For New Haven High School senior Mikala Hiatt, her college choice was down to the state’s big three public universities: Indiana, Purdue and Ball State.
In the end, Hiatt chose to study nursing, possibly switching to speech pathology after her first year, at Purdue University. Purdue has its own graduate program in speech pathology and has a highly selective nursing program, Hiatt said
I liked Purdue’s campus a lot, she said. It was more compact and all together, and I liked the nursing facility. I really enjoyed their staff.
Hiatt, New Haven’s salutatorian this year, will join 25 percent of Allen County’s top graduates this year in attending Purdue in the fall. Purdue dominated the top spot in The Journal Gazette’s annual survey of college plans for the county’s top graduates.
For the past 13 years, The Journal Gazette has asked high schools in Allen County where their top 10 graduates will be headed in the fall. This year all but one of the 160 students surveyed will be headed to college next year, although five were undecided as to where. One graduate will join the military.
Last year, Indiana was the top choice. This year, IU fell to second with 23 students opting to head to Bloomington compared with 41 who chose Purdue. The universities have traditionally alternated as the top choice.
IPFW maintained its third-place rank from last year, but with 17 students choosing the Fort Wayne university, it was close to overtaking IU. Ball State took the fourth spot with seven, and Notre Dame was close behind with six.
IU spokesman Mark Land said it would be difficult to speculate the reasons behind students’ choices.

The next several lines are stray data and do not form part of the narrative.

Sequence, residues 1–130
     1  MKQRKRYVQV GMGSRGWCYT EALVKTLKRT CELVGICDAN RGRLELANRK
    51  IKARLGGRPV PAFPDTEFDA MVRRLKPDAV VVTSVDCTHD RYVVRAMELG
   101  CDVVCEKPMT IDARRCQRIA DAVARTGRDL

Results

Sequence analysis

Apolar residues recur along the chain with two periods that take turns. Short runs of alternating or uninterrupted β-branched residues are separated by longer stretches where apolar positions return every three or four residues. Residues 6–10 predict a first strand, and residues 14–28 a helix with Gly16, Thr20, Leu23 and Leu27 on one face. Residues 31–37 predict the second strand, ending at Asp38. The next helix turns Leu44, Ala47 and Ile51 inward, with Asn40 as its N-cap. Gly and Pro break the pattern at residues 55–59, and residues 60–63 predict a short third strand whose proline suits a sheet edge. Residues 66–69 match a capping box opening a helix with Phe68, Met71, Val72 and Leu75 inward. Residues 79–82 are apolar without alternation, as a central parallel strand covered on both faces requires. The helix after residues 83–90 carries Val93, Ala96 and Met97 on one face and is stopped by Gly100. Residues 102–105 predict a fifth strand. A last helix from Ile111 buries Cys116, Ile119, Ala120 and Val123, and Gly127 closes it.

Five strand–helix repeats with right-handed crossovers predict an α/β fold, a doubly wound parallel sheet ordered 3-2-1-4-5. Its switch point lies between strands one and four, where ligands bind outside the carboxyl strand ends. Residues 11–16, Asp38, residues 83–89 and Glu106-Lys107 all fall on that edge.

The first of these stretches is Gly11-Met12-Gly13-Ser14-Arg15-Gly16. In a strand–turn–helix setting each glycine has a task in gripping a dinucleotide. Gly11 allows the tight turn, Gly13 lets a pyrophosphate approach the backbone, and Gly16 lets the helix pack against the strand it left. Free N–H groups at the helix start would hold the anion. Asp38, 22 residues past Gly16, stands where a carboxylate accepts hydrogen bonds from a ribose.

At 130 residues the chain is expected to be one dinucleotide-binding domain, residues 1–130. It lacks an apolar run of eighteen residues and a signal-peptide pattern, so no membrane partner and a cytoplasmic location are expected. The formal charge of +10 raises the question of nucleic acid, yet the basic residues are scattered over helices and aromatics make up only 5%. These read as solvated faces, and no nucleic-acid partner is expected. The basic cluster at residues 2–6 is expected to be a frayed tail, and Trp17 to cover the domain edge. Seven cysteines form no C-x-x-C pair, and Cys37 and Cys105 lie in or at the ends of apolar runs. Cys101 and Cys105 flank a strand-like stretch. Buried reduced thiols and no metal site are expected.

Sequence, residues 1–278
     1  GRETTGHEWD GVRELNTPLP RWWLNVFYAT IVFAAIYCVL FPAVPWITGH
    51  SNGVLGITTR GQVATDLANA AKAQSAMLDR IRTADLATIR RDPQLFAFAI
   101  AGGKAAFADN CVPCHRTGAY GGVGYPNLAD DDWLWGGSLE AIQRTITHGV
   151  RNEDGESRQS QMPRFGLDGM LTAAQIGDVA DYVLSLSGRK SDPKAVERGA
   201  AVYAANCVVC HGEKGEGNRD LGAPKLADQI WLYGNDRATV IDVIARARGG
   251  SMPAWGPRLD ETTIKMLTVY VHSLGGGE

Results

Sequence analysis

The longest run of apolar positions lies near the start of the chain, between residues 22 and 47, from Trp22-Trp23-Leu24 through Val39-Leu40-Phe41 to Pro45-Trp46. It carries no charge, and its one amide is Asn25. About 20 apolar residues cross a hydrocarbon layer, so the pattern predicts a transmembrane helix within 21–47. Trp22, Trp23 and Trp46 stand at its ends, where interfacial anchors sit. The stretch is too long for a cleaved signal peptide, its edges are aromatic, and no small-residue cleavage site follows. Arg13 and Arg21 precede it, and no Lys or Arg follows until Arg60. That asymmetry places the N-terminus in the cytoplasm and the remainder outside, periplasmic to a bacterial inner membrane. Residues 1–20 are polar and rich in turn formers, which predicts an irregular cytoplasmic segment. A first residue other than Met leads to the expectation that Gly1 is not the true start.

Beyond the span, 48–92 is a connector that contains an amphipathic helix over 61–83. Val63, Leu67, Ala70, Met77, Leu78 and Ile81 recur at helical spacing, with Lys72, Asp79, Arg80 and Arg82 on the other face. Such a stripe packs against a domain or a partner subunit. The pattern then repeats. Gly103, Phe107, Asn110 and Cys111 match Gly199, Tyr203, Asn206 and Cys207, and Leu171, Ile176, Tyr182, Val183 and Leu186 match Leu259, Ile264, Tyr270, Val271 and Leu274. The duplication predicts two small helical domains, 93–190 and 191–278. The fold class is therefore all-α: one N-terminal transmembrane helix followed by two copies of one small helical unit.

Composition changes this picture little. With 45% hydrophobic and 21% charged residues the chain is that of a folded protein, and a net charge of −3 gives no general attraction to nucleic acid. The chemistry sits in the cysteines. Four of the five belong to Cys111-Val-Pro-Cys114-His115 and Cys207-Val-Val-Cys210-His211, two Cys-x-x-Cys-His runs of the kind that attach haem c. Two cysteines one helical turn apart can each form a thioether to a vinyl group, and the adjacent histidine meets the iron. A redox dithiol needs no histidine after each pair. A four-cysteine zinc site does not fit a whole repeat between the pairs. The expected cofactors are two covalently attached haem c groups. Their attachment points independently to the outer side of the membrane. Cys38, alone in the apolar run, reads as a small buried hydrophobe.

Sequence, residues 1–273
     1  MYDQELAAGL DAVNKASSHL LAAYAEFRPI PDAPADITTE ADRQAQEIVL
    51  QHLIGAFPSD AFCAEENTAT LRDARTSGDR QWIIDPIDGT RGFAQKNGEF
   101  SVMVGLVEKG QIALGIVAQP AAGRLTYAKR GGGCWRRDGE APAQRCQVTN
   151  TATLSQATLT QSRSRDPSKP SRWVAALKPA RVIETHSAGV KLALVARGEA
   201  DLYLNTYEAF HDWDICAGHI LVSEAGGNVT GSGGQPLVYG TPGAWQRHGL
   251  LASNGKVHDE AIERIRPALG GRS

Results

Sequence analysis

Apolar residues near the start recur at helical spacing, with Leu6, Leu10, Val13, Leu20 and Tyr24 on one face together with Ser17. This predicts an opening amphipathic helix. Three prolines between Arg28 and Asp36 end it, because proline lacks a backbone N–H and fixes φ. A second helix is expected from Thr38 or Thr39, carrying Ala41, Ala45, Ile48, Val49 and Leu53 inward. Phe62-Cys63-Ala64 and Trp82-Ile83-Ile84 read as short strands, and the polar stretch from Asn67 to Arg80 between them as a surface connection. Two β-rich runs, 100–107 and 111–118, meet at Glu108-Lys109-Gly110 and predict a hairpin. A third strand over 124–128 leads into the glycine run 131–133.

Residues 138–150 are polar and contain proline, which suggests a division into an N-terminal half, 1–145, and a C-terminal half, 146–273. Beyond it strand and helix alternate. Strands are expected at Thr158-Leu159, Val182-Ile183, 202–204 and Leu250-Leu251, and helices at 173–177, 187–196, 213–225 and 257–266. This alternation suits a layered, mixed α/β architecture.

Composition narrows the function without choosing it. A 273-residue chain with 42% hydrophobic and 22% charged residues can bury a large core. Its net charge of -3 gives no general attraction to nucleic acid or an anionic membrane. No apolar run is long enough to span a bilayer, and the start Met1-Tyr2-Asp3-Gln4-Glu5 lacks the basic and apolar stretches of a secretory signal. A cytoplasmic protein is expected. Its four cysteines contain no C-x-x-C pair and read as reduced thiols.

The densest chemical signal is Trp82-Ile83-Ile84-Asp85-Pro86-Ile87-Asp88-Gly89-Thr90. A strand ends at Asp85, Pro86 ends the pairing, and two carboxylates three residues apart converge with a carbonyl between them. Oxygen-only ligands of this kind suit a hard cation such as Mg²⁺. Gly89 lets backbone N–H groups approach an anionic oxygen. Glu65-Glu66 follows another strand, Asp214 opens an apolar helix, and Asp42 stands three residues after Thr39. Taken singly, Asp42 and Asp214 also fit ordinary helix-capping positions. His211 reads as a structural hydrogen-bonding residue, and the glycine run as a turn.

Any time you’re talking about individual choices, the reasons are going to primarily lie with the individuals making them. Maybe this year’s graduating class from Allen County is heavy on students who want to be engineers, veterinarians or pharmacists, Land said.
All but three of the top 10 students at Carroll High School chose Purdue mainly to pursue specific fields of study, said Kathy Lepper, director of guidance at Carroll. Carroll’s guidance office has been stressing to students the importance of choosing a school that’s strong in or well known for the major they’re pursuing.
We have a heavy amount of kids going into math- and science-related areas; those lend themselves strongly to going to Purdue, Lepper said.
It’s possible that students in the county are focusing their studies in math or science, but overall that isn’t the case, said Mitch Warren, Purdue director of admissions. Purdue hasn’t seen significant change in the number of students enrolled in certain academic colleges, he said.
In general, the state has strong public higher education institutions – especially Indiana, Purdue and Ball State – that are looked at favorably across the nation, Lepper said.
(Indiana students) are getting a lot of bang for their buck, she said.
This year’s Snider High School valedictorian, Colin Zink, used the same phrase to describe the cost of attending Purdue, a university with a nationally recognized engineering program. Zink will study chemical engineering and chemistry at Purdue in the fall.
When I think of Purdue, I think of engineering, he said.
Zink is among the 88 percent of top Allen County students who will continue their education in-state, an increase of 8 percentage points from last year. In 2009, a survey-high 89 percent of top grads were continuing their schooling in-state.
Zink had narrowed his search to Purdue, University of Illinois and Massachusetts Institute of Technology. He chose Purdue because the school is far enough from home, but not too far, and was less expensive than other options with in-state tuition.
Julia Hayes, a 2013 Bishop Luers graduate, was the only top-ranked student in the county to enter the military after graduation. I wanted to join the military basically my whole life, she said.
Hayes chose to join the U.S. Army and left for basic training June 10. She said she looked into college but wasn’t thrilled about paying so much money to take mostly general classes.
With my grades, I was expected to go to college, she said. But everything about college wasn’t really that interesting to me.